In need of a takeaway meal that offers a little something special, my thoughts turned, as they do, to France. Or, in this case, to a local representative: Moulin Bistro in Newport Beach, where chickens baste in a rotisserie imported from France, potatoes become pommes frites, and celery root is grated rémoulade. Proximity to the airport was a big plus since we’d be picking up the meal and my husband’s sister and taking them both to an early birthday dinner for my father-in-law.
The restaurant does have online ordering, but it’s geared for individual meals so I called to investigate a family-style option. It was easy to arrange—whole chickens are $16, vegetable salades are $10 a pound, and baked on-site baguettes ($3) and pastries (various prices) complete the package. Or, almost: We added a couple of bottles of white Burgundy. I chose a selection of salads: grated carrot with vinaigrette, two-color tomato with burrata, roasted pink and red beets, lentil, cucumber with dill, as well as the aforementioned céleri rémoulade. Several orders of frites and a side of the thin, flavorful sauce they pour over the chicken at serving and we were set. At dinner, everyone marveled at the chicken’s tenderness and flavor, and the individual dressings and seasonings on the salads.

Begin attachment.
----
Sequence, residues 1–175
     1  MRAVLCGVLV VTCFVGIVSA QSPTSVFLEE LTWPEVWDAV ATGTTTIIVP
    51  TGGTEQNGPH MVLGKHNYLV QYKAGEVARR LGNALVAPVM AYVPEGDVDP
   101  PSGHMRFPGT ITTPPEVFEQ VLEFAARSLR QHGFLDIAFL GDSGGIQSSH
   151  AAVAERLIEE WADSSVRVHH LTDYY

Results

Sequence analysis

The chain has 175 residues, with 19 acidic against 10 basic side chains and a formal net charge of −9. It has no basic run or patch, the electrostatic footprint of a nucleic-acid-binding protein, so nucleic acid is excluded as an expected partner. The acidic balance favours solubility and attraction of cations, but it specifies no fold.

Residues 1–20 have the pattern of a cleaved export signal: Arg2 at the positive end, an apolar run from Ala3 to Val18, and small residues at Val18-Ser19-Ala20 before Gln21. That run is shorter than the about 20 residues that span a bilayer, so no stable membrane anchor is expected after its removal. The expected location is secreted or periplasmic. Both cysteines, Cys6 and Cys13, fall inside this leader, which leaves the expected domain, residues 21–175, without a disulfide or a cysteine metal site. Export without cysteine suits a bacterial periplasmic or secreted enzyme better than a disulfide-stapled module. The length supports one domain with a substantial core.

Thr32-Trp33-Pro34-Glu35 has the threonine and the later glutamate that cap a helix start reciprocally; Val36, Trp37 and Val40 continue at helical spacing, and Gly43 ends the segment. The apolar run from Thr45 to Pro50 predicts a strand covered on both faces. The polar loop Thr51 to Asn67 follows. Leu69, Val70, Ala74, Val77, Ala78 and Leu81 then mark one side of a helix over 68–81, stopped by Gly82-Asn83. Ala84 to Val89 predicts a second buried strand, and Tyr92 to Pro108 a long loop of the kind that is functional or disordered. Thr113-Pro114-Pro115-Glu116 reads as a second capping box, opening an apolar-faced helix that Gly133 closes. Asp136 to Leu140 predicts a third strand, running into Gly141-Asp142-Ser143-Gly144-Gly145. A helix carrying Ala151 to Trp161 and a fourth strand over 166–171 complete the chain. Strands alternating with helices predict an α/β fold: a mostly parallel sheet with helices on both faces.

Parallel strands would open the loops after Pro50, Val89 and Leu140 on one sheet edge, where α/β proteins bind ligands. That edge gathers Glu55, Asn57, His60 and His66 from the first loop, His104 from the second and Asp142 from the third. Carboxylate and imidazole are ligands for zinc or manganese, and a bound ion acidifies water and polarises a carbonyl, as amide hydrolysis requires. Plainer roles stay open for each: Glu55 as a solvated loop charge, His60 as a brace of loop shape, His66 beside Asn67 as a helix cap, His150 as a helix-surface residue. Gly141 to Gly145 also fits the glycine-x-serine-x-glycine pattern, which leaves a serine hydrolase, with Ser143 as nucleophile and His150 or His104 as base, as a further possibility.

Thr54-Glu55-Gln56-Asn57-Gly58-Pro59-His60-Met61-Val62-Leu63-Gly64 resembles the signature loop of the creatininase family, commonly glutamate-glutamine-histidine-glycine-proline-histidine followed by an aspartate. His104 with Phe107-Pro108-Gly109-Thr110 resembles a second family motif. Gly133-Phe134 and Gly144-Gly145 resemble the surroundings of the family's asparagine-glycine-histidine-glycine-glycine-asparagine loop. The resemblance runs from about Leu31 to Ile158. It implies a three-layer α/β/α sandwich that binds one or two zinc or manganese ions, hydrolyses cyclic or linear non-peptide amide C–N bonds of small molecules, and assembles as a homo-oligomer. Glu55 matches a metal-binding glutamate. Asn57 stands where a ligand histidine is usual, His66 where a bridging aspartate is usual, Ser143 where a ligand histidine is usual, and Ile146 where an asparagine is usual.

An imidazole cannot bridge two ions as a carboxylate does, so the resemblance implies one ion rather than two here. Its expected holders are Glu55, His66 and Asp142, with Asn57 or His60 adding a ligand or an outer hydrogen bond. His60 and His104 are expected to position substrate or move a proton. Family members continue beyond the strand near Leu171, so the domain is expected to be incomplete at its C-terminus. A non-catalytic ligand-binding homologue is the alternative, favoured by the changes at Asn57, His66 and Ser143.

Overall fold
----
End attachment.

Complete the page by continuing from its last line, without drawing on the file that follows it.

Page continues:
If you do call Moulin, it’s best to do so outside peak hours—a little difficult to gauge because it’s busy almost all the time! Service is accommodating and sweet.
Moulin provides Franco-Californian ambiance every day, furnished entirely with items owner Laurent Vrignaud imported from his native country. And, of course, there’s all that French spoken in the dining room and on the patio. But Sunday, when we stopped in to pick up our food, female musicians played accordion and sang French chansons, and at one long table, a multi-generation family was winding down after Sunday lunch. Next time, we’re eating in.
More Moulin to come: This spring, the restaurant is expanding—construction is already underway. All the pastry and bread baking will move next door into the new space, along with the grab-and-go prepared foods case. And maybe other locals will be as thrilled as I was to hear that there’ll be a line of ice creams from Edouard Vicqueneau, whose gourmet desserts grace the menu of many high-end O.C. restaurants. Vicqueneau has recently been consulting chef at Cathy Pavlos’ Provenance in Newport Beach. The move makes room for more savory items like cheese and charcuterie on the original side. After the build-out is complete, owner Vrignaud plans to open for dinner five nights a week.